“An advantage of this is that the customer needs to be logged in, so when the punch-out happens, customer specific pricing is running in the background. So, for example when ‘excavator’ and the rental period are entered, the customer specific pricing is already factored in.”

The third is a Request for Quotation (RFQ) function, which enables a procurement agent to digitally request a quote from a supplier.

“The supplier creates a quotation and makes it available digitally to the agent, either by e-mail or directly via the supplier portal of the relevant procurement system.”

Schmitt points out that customers without an e-procurement system can of course still use Zeppelin’s online store or communicate via phone, email or in personal at a branch.

Rental-specific approach

Zeppelin is engaging with both e-procurement suppliers and rental customers to ensure e-procurement processes are optimised.

This focus on optimisation is important, says Hoeck; “If somebody is looking for a machine, say for example their own fleet has no capacity, they’re going to turn to rental as an alternative. It’s important that their purchasing enquiry is efficient. They only get this opportunity in terms of increasing efficiency if the e-procurement on the construction company side is optimised.”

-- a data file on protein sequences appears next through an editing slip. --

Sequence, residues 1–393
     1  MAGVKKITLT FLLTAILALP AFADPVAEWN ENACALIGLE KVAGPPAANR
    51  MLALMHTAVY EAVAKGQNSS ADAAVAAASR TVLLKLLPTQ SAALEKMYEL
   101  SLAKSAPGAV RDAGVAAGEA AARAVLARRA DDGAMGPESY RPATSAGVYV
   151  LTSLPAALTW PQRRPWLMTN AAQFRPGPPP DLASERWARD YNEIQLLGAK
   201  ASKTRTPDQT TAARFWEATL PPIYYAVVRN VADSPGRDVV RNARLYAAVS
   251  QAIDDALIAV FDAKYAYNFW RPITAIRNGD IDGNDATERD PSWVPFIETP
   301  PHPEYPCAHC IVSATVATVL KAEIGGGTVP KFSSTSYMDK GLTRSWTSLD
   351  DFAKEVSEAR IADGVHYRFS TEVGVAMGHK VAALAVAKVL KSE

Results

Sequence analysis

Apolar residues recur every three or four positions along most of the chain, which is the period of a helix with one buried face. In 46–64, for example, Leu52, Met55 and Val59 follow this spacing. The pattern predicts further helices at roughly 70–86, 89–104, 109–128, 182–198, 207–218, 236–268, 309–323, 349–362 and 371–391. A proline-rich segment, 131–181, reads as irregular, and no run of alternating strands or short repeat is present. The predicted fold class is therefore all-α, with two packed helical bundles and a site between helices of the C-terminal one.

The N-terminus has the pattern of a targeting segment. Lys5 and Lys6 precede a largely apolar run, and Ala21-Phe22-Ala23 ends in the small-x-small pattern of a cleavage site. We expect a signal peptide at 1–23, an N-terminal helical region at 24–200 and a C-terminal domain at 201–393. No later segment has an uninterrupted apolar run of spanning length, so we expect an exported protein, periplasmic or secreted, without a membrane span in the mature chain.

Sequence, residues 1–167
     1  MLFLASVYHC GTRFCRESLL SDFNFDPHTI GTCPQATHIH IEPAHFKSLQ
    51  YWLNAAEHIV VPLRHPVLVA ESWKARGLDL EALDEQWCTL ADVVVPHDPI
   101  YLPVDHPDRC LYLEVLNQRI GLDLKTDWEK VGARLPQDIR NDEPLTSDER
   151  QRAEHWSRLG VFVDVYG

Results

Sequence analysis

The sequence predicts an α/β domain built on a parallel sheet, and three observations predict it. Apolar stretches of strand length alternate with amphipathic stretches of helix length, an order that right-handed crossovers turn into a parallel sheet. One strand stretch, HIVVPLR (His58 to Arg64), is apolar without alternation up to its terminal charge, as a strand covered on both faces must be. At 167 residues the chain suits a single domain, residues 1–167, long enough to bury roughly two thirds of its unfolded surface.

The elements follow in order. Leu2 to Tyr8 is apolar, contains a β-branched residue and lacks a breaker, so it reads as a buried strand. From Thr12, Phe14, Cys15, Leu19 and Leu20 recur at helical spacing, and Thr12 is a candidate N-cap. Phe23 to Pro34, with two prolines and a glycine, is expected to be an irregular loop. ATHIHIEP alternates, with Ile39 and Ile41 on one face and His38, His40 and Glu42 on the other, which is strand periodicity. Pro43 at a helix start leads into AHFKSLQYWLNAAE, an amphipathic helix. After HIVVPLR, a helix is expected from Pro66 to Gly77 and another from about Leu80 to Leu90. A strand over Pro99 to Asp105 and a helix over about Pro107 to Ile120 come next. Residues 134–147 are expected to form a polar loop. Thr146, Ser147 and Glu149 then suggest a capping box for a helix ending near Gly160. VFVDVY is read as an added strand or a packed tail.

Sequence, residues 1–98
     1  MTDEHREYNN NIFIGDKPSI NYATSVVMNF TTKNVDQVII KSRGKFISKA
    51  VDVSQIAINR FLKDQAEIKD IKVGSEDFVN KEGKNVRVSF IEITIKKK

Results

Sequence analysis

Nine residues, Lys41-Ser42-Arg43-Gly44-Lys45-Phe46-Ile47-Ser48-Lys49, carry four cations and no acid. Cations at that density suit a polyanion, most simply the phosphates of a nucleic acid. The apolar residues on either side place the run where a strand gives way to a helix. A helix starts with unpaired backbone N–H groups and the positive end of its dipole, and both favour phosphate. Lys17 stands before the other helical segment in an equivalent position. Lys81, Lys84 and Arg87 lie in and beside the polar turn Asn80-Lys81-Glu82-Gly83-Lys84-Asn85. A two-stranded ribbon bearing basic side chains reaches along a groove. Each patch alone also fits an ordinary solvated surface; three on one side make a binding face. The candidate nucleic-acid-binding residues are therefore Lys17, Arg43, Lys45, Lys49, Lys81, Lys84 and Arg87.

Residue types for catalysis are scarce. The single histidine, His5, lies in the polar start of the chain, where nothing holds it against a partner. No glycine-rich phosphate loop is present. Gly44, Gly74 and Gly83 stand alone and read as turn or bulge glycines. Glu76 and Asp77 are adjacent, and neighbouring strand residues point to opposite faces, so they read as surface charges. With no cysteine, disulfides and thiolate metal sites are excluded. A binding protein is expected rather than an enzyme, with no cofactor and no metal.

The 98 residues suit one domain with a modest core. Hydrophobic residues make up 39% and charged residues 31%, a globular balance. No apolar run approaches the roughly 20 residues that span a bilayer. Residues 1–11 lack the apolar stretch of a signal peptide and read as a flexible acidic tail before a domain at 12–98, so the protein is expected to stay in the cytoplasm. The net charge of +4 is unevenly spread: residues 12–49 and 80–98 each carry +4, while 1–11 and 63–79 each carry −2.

As well as capturing information from rental customers, engaging with technology suppliers has also proven critical. Many of Germany’s larger construction companies and infrastructure operators already work with e-procurement solutions from software providers and e-procurement platforms such as SAP Ariba, Onventis, Newtron or OpusCapita.

“Firstly, there are different standards used by e-procurement system providers,” says Schmitt. “For example, SAP Ariba uses the cXML standard, while many others use OCI standard (open catalogue interface), so we need to be prepared for these different standards.”

There are other challenges in the rental context. “These platforms have mainly been used in the construction industry to purchase physical goods such as construction materials, spare parts, safety clothing or office supplies.

“Existing e-procurement system providers have to date demonstrated a low awareness of the special rental characteristics entailed in e-procurement; and a key observation we’ve made in terms of rental in the digital context, is that rental businesses behave differently to the classic purchase of physical product,” says Schmitt.

“If we’re buying shoes in an online shop, we add them to the shopping cart and we see the price.

However, in the rental context, if you add rental equipment to a shopping cart, the pricing or invoice amount will vary, because the rental period might change over time, or the equipment might come back earlier than expected.